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Fire Safety in Our Community and 
What You Can Do!

Wild Fires in Canada

In Canada, wildfires or forest fires are common in forested and grassland regions from May to September, which can cause extensive damage and put lives in danger. Find information here or on the photo to how you can be better prepared for wildfires and download your emergency plan kit.  

Get your 72 Hour Preparedness Kit here!  


Did You Know?

Category 1 and Fire Season

What is fire season?

The third Monday in April until the end of October.  Category 1 burning info is updated daily after 2:00 at Daily Update or by calling 

1-866-458-8080.  Most fires in our area will be campfires or Category 1.

What is a Category 1:

Campfires & burning woody material such as: 

• Piles three metres in diameter or smaller. 
• Piles no more than two metres high. 
• Burning within 60 metres of forestland. 
• No more than four piles burning at one time. 
• Multiple piles must be at least 10 metres apart. 


Source and more info click on photo below or  here...

If you light a fire, you must make sure it is extinguished before leaving the area.

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Did You Know?

Category 2 - 4    &
Permit Requirements

What type of fire requires more detailed permission?

It depends on the type of fire and where you plan to burn. For small amounts of brush and debris (Category 1) fires,reference above.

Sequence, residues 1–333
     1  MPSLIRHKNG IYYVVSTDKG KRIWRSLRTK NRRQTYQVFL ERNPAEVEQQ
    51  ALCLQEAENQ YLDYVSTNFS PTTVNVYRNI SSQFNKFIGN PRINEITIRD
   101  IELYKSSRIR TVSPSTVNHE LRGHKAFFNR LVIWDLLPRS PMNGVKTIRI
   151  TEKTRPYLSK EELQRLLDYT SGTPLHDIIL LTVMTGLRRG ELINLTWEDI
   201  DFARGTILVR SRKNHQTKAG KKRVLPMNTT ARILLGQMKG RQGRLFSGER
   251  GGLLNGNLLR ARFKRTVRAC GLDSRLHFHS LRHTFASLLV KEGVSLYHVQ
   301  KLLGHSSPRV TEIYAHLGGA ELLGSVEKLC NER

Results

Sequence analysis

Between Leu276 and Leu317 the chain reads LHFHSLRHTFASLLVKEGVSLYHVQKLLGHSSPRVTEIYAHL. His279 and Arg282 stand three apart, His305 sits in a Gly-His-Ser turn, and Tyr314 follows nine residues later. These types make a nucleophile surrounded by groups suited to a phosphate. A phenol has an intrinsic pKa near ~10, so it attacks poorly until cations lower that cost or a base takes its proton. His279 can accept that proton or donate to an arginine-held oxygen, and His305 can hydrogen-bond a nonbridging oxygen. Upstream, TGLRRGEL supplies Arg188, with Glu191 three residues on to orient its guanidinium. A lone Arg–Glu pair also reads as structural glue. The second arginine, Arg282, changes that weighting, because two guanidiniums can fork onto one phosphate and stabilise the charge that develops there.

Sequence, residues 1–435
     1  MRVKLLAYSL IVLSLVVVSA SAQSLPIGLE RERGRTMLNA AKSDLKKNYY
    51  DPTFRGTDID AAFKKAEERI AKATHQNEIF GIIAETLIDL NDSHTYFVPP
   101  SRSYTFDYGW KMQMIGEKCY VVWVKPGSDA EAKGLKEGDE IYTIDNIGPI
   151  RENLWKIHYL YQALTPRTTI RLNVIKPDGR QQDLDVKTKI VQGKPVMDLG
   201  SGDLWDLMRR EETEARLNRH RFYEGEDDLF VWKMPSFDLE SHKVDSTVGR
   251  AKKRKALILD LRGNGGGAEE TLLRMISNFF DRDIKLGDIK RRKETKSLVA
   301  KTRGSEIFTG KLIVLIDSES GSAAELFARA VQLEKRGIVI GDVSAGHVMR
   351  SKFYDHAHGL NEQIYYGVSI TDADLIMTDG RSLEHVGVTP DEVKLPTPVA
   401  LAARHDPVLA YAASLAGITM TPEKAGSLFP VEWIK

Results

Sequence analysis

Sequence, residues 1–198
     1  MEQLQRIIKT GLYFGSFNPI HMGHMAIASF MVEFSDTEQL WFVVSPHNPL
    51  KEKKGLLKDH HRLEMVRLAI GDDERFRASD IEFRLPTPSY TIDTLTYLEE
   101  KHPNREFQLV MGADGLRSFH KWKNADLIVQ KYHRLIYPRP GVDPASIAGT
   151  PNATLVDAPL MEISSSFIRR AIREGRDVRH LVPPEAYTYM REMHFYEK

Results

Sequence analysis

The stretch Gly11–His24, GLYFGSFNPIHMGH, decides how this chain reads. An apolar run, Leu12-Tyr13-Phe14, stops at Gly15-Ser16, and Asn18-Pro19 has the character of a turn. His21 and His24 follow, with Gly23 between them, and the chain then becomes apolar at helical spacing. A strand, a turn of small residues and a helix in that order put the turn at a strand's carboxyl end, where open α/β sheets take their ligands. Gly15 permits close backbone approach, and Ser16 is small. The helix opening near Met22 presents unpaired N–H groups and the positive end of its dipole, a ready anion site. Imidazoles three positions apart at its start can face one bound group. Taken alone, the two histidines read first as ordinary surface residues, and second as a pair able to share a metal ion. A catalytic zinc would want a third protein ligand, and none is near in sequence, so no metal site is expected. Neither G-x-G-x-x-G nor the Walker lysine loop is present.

Category 2 - 4  fires require permits and inspection by a Forest Services officer from Natural Resources.  Click  on the photo blow or here for more information and brochure.


Failure to comply with any of the above is an offence. For more information, contact your local Natural Resources office.



Did You Know?

Questions and Answers

Not certain if your fire pit meets Provincial guidelines?  Are propane deck stoves acceptable during Fire Ban?

Click here for Q&A and on the photo for Fire Pit Guidelines!


Did You Know?

New Brunswick And FireSmart

 To learn more about protecting your home and family, click on the photo below or here.  FireSmart is a program in conjunction with NB Fire Watch.  Photo source FireSmart NB.

FireSmart NB.png

Did You Know?

The Myth of Grass Fires

To many people, burning grass is
a tradition, almost a rite of spring.
On closer examination, however,
the reasons for spring grass burning are largely unfounded and rather than being beneficial, grass burning
is destructive and dangerous....

Source and learn more by clicking here...

Did You Know?  Grass fires require permits, written burn plans and pre-inspection by a forest service officer.


Did You Know?

How far can an ember travel?

Carried by the wind, embers on average travel as far as 2 kilometres before falling, still capable of instantly igniting the right fuel. There have also been documented instances of embers travelling 17 kilometres!

Fireworks over the lake are OK even during a fire ban (Red)!


Unfortunately Fireworks fired over the lake are no safer than being used in the backyard.  Residents should refrain from using fireworks if the area is in a Red or No Burn category.  

Fire Works Safety can be found here

or watch this video


What should you do if you spot a wildfire that seems to be unattended? Call 911 or call the Natural Resources and Energy Development office closest to you.

(Canterbury 506) 279-6005)


Provide the following facts:


  • Your name

  • Your telephone number

  • The exact location of the fire

  • A description of what is burning

  • The size of the fire

  • Is anyone fighting the fire?

  • Access to the fire

Source and Info click here.​

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